Thursday, November 26, 2009

Suzann's Green Beans

Our second Thanksgiving as a married couple, I decided to make homemade rolls to take with us to Joe's sister's house (I can't remember what we did our first Thanksgiving as a married couple, but it's possible that we drove to Boise and stopped at that Denny's in Nevada where I played the slots with the change we'd gotten after paying for our meal and Joe said I was throwing the 50 cents away and I came back to the table four mintues later with $30 in quarters -- or maybe that was some other time). We were living two doors down from Joe's sister's family in San Diego, renting the second story of an old craftsman style house near Balboa Park (directly under the flight path of the San Diego Airport -- every morning at 6 am the planes flying 50 feet overhead shook us awake). We had this tiny galley kitchen where Joe taught me to cook. He stuck to the basics -- bake the chicken breasts in the oven for 20 to 25 minutes, make some rice on the stovetop and then steam some vegetables only he would eat. But that year at Thanksgiving, I decided to make homemade yeast rolls to walk over to Julie's house for Thanksgiving. The recipe instructed me to cut out the rolls with a biscuit cutter, which of course I did not have. I had a wine glass. So I cut the rolls out with a wine glass. On the third or fourth roll, the stem of the wine glass broke in half and I stabbed myself below my first knuckle on my right hand with the broken stem. It wasn't a long cut, but it was deep and I bled and bled, and I should have gotten stiches. But I didn't want to go sit in the emergency room for four hours on Thanksgiving Day -- especially when I was making homemade rolls! So I washed it out, bandaged my throbbing hand and continued on with the roll-making. For many years, the scar on my hand from that cut looked exactly like a turkey's head -- that is no lie. But after about 6 or 7 years, the scar changed shape a little bit and now looks like a cross. There is absolutely no reason to tell you that story -- no object lesson here about turkeys that turn to crosses -- just a little Flamingo family Thanksgiving Day lore. I can't even remember how the rolls turned out.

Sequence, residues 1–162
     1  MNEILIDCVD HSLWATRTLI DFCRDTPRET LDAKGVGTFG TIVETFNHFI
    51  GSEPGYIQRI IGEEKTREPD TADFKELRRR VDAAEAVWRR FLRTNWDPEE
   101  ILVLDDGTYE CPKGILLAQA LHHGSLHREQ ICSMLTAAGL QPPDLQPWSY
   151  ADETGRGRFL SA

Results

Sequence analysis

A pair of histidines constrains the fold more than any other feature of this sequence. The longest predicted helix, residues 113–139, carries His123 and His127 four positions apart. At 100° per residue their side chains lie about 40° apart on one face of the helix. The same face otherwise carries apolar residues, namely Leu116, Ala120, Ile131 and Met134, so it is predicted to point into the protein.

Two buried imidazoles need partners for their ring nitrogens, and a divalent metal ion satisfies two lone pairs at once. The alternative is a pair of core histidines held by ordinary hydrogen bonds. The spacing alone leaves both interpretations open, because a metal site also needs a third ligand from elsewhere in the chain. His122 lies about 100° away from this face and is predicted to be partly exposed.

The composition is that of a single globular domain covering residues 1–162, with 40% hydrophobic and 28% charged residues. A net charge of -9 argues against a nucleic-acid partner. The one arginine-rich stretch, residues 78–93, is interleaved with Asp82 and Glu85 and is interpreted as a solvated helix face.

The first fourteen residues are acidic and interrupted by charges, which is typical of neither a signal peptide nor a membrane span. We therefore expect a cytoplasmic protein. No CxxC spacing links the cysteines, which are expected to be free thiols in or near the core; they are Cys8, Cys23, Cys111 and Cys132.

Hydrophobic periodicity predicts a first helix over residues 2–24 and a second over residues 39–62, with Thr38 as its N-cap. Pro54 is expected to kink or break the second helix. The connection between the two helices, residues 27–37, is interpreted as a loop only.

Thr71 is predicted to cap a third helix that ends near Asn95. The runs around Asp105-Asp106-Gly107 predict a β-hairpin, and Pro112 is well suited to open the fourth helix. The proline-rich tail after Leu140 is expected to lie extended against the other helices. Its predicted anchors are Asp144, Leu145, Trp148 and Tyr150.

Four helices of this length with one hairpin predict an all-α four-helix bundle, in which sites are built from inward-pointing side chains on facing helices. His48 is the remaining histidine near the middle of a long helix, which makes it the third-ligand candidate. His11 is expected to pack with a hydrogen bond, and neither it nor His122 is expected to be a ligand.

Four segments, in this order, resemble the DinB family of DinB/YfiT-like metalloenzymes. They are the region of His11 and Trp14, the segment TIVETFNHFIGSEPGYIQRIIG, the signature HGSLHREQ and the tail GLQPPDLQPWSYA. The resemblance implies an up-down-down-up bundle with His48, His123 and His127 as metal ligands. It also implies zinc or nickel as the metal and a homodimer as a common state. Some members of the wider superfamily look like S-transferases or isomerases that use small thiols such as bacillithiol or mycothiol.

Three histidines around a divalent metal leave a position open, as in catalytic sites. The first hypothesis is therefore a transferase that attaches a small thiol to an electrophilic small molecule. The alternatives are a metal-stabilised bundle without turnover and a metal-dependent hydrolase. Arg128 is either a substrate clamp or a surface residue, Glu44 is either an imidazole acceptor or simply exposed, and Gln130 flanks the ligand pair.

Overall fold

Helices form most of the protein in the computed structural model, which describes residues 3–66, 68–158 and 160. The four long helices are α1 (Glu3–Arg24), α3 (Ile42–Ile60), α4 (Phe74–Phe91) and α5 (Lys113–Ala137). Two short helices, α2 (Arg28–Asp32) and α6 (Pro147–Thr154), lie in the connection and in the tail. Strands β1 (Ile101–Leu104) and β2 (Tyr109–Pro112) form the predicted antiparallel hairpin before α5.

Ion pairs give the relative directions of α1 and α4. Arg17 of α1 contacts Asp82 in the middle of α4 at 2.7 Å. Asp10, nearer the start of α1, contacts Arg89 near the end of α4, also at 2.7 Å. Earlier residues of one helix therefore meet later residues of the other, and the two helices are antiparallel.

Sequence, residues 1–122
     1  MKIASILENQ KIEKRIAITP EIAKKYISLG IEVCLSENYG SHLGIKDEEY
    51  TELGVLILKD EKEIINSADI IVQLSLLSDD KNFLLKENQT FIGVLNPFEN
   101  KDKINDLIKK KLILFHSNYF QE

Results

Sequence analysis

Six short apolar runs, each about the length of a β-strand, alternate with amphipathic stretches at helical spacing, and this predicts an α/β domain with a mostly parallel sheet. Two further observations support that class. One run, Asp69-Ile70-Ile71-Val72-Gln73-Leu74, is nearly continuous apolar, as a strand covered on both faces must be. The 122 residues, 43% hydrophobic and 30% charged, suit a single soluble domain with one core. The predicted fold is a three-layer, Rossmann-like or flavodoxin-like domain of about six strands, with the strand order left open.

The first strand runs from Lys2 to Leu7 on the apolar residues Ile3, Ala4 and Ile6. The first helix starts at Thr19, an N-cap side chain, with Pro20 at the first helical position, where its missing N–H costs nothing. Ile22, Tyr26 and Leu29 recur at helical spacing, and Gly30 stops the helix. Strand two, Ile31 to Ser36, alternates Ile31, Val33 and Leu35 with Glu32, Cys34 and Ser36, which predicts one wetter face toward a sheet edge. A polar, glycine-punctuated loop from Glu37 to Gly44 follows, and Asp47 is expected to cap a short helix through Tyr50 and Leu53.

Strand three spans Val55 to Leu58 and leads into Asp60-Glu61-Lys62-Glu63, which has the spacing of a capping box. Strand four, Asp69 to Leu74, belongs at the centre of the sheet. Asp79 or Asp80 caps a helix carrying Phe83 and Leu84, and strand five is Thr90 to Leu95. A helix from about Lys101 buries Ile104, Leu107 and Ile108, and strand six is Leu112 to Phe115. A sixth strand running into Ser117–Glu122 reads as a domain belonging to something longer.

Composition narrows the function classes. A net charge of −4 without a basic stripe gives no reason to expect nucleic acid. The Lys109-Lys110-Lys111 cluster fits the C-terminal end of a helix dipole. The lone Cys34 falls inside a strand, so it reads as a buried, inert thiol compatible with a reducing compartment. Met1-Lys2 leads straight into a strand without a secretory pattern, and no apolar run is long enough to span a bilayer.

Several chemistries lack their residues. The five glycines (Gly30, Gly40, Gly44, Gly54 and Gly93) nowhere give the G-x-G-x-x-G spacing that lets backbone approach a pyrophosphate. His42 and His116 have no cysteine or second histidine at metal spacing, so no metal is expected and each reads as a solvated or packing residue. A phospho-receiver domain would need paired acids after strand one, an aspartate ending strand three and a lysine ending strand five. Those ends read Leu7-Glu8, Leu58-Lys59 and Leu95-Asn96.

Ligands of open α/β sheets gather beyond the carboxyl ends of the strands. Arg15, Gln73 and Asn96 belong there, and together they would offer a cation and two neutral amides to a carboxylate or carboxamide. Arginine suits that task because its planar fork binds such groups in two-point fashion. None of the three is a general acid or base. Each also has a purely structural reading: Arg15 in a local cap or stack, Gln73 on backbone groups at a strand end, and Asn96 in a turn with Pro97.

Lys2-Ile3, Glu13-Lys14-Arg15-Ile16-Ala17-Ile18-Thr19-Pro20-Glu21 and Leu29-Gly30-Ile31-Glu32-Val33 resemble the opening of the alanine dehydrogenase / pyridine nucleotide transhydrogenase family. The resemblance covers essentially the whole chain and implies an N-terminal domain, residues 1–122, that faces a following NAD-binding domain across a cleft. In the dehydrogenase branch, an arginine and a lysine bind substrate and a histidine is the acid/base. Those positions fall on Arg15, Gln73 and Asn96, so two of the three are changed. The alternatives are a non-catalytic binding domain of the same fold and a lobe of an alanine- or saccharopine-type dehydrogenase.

By our third Thanksgiving together, we were living in Macon and I was going to law school. Flamingo Joe had gotten a recipe for Moroccan turkey (was it Moroccan, honey? It might have been some other exotic land). The recipe called for beer and capers, among other things. Beer I knew where to find. Capers, not so much. Neither of us knew what a caper even was, so we didn't even know where to look for them in the grocery aisle. I made a couple of visits to different groceries, and asked more than one clerk where to find the capers and no one knew. Joe finally asked the person who gave him the recipe where to find capers and the woman told him they were in the aisle with the olives. My family was shocked I was actually cooking a turkey after only three years of marriage, but who else was going to do it? My mom had stopped cooking turkeys when the microwave came on the market and Joe's mom wasn't with us for Thanksgiving that year. So it was up to me -- and Flamingo Joe. That was the last year he helped with Thanksgiving dinner -- and you can't blame him at all -- it was extremely stressful. You had to get the turkey done and all those side dishes on the table hot at the same time! Who can take that kind of pressure?? I nearly killed us both running around the kitchen with sharp implements. The Moroccan turkey turned out great and my family was suitably impressed -- but I'm pretty sure we ate cold mashed potatoes and abandoned all efforts at gravy after adding flour, then water, then flour, then water, then throwing out the lumpy gluey nastiness after 20 minutes of effort. I still can't do gravy. Which leads me to my friend Suzann -- cause Suzann can do gravy. And fried chicken. And blackberry pie made from fresh-picked blackberries.